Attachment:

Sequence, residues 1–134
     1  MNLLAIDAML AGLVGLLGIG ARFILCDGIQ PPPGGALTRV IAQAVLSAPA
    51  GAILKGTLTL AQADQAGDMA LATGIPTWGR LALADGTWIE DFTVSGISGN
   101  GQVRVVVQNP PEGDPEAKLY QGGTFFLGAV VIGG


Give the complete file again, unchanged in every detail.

Sequence, residues 1–134
     1  MNLLAIDAML AGLVGLLGIG ARFILCDGIQ PPPGGALTRV IAQAVLSAPA
    51  GAILKGTLTL AQADQAGDMA LATGIPTWGR LALADGTWIE DFTVSGISGN
   101  GQVRVVVQNP PEGDPEAKLY QGGTFFLGAV VIGG